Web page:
8. Select the Allow InfoPath-only features (the view will not be available in Web browsers) check box, and then click OK.
  9. Design your view as you normally would. You are now able to use many of the features, controls, and settings in your InfoPath-only view that would not otherwise be available in a browser-compatible form template. For example, you are free to use any of the controls in the Controls task pane, as opposed to just the ones that work in a browser. In addition, you will not see any browser-compatibility errors or messages in the Design Checker task pane.
    Note Although you can use the majority of InfoPath features in your InfoPath-only view, certain features and settings that apply to the browser-compatible form template as a whole remain disabled or hidden. For example, you cannot enable digital signatures for the entire form template or use script in your view, since one of the views of your form template is browser-compatible.

  10. To add additional InfoPath-only views to your browser-compatible form template, repeat steps 2-9.

Step 2: Display the browser-only view when the browser-enabled form template is opened in a Web browser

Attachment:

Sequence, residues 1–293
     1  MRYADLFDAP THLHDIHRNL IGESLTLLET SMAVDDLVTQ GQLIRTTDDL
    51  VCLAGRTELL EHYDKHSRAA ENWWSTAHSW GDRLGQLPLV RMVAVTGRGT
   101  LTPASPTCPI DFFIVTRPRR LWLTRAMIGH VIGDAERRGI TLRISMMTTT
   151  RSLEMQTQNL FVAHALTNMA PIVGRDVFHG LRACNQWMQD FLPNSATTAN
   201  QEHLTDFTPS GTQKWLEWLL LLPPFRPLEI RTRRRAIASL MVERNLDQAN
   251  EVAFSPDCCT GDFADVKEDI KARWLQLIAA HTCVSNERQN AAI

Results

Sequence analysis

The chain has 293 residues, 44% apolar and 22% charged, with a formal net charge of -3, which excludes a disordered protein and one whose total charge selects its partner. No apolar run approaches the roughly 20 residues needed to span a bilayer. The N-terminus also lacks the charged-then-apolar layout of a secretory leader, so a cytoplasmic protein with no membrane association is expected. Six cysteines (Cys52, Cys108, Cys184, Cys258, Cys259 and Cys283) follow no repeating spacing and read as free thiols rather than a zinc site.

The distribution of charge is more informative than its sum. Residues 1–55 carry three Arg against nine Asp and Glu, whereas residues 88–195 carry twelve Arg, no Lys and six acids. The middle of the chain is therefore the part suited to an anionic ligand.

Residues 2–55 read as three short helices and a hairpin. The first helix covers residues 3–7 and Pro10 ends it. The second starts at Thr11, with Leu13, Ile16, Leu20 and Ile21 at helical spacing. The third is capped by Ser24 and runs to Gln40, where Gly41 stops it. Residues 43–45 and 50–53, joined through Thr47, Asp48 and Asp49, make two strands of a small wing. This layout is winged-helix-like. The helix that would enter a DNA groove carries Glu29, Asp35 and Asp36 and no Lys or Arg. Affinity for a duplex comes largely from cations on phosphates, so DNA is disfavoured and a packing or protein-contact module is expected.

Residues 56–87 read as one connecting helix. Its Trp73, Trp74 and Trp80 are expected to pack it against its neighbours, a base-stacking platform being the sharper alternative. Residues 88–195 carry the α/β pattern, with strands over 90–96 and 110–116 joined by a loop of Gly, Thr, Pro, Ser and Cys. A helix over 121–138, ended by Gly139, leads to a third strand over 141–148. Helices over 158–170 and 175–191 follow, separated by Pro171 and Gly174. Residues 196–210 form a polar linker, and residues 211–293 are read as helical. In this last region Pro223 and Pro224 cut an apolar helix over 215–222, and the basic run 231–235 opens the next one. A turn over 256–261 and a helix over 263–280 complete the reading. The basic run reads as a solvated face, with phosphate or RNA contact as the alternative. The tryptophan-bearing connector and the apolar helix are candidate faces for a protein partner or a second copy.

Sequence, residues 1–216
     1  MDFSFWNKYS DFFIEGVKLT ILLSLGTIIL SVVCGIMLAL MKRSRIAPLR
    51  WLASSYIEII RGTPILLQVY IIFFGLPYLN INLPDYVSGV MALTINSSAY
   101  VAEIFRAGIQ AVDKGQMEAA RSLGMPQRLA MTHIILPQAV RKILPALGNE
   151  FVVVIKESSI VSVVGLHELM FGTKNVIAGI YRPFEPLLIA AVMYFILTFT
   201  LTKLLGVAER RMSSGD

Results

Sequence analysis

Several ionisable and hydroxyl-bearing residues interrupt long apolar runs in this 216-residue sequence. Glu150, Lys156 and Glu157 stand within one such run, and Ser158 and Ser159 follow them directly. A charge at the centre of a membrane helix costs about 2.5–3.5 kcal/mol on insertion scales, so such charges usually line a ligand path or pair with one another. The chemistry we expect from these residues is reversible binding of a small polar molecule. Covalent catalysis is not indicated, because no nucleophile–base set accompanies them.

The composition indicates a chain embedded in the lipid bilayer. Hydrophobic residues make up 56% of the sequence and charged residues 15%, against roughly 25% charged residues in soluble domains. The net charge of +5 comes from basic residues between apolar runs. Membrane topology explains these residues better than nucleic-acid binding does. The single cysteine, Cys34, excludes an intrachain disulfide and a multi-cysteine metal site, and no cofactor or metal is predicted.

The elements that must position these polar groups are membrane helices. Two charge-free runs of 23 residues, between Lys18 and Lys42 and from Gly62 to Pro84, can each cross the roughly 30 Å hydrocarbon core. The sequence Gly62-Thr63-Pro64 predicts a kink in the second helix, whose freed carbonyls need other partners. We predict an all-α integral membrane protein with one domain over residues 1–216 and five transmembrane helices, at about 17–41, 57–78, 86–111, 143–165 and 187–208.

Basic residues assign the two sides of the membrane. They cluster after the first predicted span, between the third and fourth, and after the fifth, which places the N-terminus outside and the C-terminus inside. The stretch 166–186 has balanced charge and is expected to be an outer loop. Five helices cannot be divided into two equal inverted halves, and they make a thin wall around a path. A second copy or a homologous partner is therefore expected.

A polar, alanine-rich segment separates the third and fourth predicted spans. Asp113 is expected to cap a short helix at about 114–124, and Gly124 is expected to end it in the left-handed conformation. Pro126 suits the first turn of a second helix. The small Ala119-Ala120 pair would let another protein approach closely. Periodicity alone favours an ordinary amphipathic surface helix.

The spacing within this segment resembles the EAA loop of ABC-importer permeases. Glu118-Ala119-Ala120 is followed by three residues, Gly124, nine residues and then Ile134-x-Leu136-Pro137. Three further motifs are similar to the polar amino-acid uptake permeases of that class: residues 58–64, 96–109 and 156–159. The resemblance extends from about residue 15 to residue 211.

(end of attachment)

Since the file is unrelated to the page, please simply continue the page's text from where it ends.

In this procedure, you'll learn how to create a rule that dictates the view that the user sees when they first open a form based on your browser-compatible form template. The rule runs when the form is first opened, and after a particular condition is met. The condition in this case has to do with whether users are opening the browser-enabled form template in a Web browser. If they are, then the browser-only view of the form template appears. This view is limited to the set of features that are supported in a browser.
  1. Open your browser-compatible form template containing the InfoPath-only view.
  2. On the Tools menu, click Form Options.
  3. In the Category list, click Open and Save.
  4. Under Open behavior, click Rules.
  5. In the Rules for Opening Forms dialog box, click Add.
  6. In the Rule dialog box, type a meaningful name for your rule, such as Rule 1: Switch to Browser View.
  7. To specify when the rule should run, click Set Condition.
  8. In the first box under Apply the rule when this condition is true, click The expression.
  9. In the second box, type xdEnvironment:IsBrowser(), and then click OK.
  10. In the Rule dialog box, click Add Action.
  11. In the Action list, click Switch views.
  12. In the View list, click the browser view that you want to switch to, and then click OK.